Roy, in the Sabbath School classes he moderated at Sligo and of course through his editorship of Spectrum made Christianity an intellectually intreaguing and morally revolutionary force for me as I grew up. Much later, he would goad me into presenting topics at Loma Linda. I would agree mainly because if Roy Branson thought I could do a good job, maybe I could. That combination of provacatively challenging my assumptions while affirming me made as someone whose thoughts mattered helped me grow.
Bill Loveless made following Jesus cool; Roy Branson made following Jesus intellectually challenging and exciting.
Roy Branson appears to have been, first and foremost, a good friend. And one who cared deeply about his faith community and inspired many believers to bring Christian/Adventist principles into their contemporary sphere in a manner that challenged and acknowledged their intellect.
Wow! What a testimony. What a goldmine of epithets.
Roy never marched with the crowd. Even in Academy, he alone decided to journey to Manhattan to listen to an NBC orchestra rehearsal conducted by the legendary Arturo Toscanini in hopes of snagging a short interview–which he did! Raised almost as a single child who listened primarily to adult conversations while growing up in the Middle East, his mind and interests were far advanced for a teenager. In College, he imagined a journal for the church which would allow its most creative and thoughtful members to publish their passions–a dream that became reality years later via the Association of Adventist Forums.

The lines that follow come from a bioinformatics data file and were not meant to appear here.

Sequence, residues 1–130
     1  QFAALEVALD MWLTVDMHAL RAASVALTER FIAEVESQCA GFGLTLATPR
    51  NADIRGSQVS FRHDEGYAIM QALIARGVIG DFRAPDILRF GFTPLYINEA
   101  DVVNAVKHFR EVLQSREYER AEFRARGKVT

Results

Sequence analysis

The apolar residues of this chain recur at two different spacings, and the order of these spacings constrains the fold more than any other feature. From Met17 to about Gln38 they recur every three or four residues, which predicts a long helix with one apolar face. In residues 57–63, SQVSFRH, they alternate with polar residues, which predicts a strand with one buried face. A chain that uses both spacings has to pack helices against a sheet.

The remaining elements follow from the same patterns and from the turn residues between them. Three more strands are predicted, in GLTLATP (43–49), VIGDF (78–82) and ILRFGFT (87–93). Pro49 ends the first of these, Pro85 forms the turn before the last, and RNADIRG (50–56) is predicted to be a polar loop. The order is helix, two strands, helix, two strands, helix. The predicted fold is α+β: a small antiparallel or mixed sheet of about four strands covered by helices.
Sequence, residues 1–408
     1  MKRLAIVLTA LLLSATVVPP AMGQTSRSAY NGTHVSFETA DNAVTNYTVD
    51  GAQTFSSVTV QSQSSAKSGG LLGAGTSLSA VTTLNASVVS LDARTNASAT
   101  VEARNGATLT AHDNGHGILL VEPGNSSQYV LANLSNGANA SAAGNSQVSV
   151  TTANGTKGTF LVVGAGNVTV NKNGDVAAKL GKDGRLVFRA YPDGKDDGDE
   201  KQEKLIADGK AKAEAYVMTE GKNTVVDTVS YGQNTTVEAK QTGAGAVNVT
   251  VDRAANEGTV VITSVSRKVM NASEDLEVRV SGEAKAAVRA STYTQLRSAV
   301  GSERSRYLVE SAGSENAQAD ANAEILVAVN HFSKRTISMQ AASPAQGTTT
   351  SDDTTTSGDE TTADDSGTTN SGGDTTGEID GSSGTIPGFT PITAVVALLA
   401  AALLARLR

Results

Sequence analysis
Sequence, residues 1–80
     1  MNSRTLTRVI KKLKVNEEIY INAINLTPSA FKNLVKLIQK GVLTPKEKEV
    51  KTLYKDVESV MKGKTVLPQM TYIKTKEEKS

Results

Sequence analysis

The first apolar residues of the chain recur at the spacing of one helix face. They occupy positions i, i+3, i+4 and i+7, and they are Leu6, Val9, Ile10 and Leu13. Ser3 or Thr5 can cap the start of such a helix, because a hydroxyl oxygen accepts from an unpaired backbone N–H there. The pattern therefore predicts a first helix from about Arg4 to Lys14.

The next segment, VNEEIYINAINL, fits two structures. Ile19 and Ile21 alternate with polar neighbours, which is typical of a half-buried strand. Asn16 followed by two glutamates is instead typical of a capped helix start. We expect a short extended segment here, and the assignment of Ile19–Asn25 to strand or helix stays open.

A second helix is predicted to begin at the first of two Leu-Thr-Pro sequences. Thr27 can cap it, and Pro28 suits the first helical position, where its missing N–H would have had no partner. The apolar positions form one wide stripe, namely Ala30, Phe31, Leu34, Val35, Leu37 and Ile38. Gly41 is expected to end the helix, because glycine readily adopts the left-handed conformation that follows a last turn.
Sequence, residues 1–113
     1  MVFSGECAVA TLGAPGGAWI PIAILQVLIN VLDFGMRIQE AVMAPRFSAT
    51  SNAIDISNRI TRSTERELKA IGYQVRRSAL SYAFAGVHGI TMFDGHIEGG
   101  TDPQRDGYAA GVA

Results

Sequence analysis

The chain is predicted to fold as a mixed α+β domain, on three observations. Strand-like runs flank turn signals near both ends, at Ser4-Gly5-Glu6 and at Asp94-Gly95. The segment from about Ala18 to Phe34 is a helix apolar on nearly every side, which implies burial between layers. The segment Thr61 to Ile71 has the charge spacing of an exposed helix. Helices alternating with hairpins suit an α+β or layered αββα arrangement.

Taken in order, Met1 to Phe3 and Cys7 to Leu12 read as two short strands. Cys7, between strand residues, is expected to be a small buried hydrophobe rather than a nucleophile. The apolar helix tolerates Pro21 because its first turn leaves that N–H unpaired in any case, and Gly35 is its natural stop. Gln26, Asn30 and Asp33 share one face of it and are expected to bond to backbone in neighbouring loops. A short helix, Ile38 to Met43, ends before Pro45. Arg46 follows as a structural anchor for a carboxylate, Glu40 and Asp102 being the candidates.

He and I were–at times–competitors and collaborators–in our college classes. We worked together slavishly to prepare for Ottiie Stafford’s final examination in Shakespeare, and would not talk to each other the night before the final exam in Biblical Literature–again with OFS.
For years his office and mine in the Sligo Church Office Building were no more than twenty steps apart. My memory of our conversations and lunches together is a treasure I will carry as long as I live. He loved this church more than he could say and we knew it, even if his detractors saw him as the enemy.
I sorrow at the passing of Roy. It was my privilege to know him in the late seventies and thereafter. In personal contacts with him I found him very outspoken regarding church decisions including those connected with Glacier View. He and Ray Cottrell were chiefly responsible for the issues of Spectrum which recorded the week at Glacier View which my wife, son, and I attended. I will always be grateful for those Spectrum issues as they preserve the facts of a historic week rather than mere opinions.
There are many living today who can thank God for the part Roy played in their lives. He was not only supremely intelligent but he had the courage of his convictions and a desire to aid the " underdog". May he have many successors.